Like even if I start reading a story and then I realize somebody’s videotaping it? I hate it when people do that. I would never stop and say, “Would you please stop videotaping me.” Because then you might as well not pick up the story again. It’s over. I would say something maybe at the end of a story, but I won’t interrupt a story for any reason. Whereas live comedy—I was talking to a comedian the other day; he just lives for that. It doesn’t bother him at all when people heckle him. He jumps right into it. It’s fun for him.

Chapter 16: So how do you keep it interesting for yourself if you’re reading the same thing for a thirty-night tour?

Sedaris: Well, I mix it up every night. Like I was in San Jose at the end of my lecture tour. Right now I’m on a book tour, but it started as a lecture tour. So I started my tour on April 2, and now it’s like—I don’t know—May just won’t end, will it? This is like May 300th. And I was reading in theaters, and I’d been at it for about five weeks, and then I was in San Jose, California. And I went into this theater, and they just had the best sound system. They had a monitor onstage, and I could really hear myself while I was reading. A monitor makes a huge difference. And I was so into it. It was one of the best readings of my life. The same had happened in Toronto. I read things in Toronto that I’d read thousands of times before, but they just kind of came to life and excited me in a brand-new way. And part of that had to do with the monitor.

Or if I know somebody in the audience. When my sister Lisa came to my show in Charlotte, North Carolina, and I had a new story and I was so looking forward to her reading it. And so that made it interesting for me. Or every now and then, you’re reading and you’re just kind of floating away from the podium. I don’t like it when that happens. And I have to say, it doesn’t happen that often. I’m almost always engaged with what I’m reading. But a few nights ago I was reading in a bookstore, and it was kind of attached to a restaurant, and you could hear plates and forks. You know, I just had to muscle through it. When you’re on a book tour, you just have to muscle through it. It’s not the ideal situation: you have a sound system that’s probably not that good, and the lights don’t go down in a bookstore. And I don’t like it when I can see the audience. But I like book tours, so I do it.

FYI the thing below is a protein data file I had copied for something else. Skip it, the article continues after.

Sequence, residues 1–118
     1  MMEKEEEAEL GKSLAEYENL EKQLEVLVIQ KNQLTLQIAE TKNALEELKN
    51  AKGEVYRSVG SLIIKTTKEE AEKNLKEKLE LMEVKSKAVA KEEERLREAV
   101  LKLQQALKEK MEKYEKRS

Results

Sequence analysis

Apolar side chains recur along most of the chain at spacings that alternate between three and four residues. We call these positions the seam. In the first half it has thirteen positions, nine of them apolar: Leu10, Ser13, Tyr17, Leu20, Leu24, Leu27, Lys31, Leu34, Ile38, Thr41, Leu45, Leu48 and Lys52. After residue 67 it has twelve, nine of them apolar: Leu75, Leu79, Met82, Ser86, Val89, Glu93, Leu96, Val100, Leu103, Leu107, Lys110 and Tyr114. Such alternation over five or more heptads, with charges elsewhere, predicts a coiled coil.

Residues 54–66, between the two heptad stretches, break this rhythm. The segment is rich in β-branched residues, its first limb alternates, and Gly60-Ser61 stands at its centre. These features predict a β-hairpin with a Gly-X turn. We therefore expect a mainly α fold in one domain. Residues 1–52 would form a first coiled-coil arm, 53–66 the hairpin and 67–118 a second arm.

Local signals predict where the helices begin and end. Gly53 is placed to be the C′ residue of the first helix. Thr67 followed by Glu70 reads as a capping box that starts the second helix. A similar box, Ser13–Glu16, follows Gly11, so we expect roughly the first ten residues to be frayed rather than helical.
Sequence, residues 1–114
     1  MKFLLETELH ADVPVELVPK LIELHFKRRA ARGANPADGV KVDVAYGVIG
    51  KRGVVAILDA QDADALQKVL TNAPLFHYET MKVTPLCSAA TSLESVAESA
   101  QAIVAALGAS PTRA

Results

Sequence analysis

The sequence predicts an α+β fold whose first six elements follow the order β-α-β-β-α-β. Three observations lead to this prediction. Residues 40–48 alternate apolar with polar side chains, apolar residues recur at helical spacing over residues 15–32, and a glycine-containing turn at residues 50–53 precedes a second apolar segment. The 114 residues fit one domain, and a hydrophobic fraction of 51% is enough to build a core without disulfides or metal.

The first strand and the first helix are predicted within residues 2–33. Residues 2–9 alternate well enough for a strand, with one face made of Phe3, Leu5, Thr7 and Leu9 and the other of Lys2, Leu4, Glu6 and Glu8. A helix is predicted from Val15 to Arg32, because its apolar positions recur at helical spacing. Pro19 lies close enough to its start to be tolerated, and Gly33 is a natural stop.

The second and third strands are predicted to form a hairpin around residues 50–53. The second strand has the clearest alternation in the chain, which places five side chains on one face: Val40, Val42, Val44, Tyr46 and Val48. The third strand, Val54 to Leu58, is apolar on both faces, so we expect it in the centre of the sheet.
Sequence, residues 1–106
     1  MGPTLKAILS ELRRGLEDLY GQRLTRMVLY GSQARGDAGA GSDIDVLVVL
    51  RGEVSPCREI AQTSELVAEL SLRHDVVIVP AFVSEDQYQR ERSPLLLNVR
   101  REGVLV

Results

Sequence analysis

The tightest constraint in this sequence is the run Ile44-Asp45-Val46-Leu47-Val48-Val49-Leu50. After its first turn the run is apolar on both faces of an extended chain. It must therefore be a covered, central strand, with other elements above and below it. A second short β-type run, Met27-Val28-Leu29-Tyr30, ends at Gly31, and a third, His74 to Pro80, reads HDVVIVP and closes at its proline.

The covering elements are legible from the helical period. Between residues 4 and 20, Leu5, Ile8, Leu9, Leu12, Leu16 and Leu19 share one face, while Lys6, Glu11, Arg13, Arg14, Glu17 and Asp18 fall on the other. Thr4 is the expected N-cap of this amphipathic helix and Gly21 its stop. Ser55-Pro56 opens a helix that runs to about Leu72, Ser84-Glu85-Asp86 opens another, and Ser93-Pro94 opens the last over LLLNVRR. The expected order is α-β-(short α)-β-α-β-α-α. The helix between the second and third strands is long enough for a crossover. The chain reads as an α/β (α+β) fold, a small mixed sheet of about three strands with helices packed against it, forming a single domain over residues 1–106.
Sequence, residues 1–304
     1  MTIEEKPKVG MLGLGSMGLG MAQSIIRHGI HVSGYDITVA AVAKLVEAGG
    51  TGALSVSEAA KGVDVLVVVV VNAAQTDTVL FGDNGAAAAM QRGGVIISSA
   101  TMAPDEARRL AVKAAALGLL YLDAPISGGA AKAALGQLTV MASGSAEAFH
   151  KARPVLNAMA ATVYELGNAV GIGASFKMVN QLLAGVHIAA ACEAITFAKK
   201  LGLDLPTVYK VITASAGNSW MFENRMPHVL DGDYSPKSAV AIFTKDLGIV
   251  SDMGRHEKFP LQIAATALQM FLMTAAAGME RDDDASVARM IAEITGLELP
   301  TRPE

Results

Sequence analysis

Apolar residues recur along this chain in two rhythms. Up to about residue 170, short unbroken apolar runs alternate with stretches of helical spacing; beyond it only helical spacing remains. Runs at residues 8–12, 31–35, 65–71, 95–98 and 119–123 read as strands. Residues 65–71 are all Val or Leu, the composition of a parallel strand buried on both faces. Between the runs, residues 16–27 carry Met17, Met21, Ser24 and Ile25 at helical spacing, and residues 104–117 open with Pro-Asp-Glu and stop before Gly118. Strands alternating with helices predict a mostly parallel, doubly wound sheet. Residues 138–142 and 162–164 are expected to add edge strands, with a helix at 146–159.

Chapter 16: So what’s the difference between a lecture experience and a bookstore experience for the crowd, when they see you?

Sedaris: Well, for a lecture, people bought tickets. I don’t have anything to do with the ticket price or anything, but every now and then people will ask me to sign a ticket stub, and I think, “Wow, really? It costs that much?” So they pay maybe they pay fifty bucks, but they get a comfortable seat and the lights go all the way down and I read for an hour, and then I answer questions or just kind of run my mouth for another half an hour. Usually in a bookstore the most you would read is for half an hour and then answer questions for fifteen minutes. It’s hard to listen to something when you’re standing up. A bookstore is just not as conducive to relaxing and letting yourself go and getting caught up in a story.

And I tend to talk more in a bookstore than I would in a theater. The Q&A is more interesting, I think, because it’s engaging with people and it’s more volatile. Not that anything bad ever happens but it’s more engaging, I suppose. And book signings last longer in a bookstore than they do in a theater, I don’t care how big the theater is. Probably the biggest theater I ever do is the Chicago Theatre or the Auditorium Theatre, and those are probably 3,800 seats. But my bookstore signing in St. Louis the other day was much longer than I’ve ever signed books at the Auditorium Theatre, even if I have a brand-new book out. I think people in the theater look around and think, “Oh my god, I’m not waiting in line for all these people.” Plus in a bookstore it could be arranged in such a way that people can leave and come back. You know, they go home for dinner. They know I’ll still be there when they get back. So people come and go, and they don’t tend to do that as much in a theater.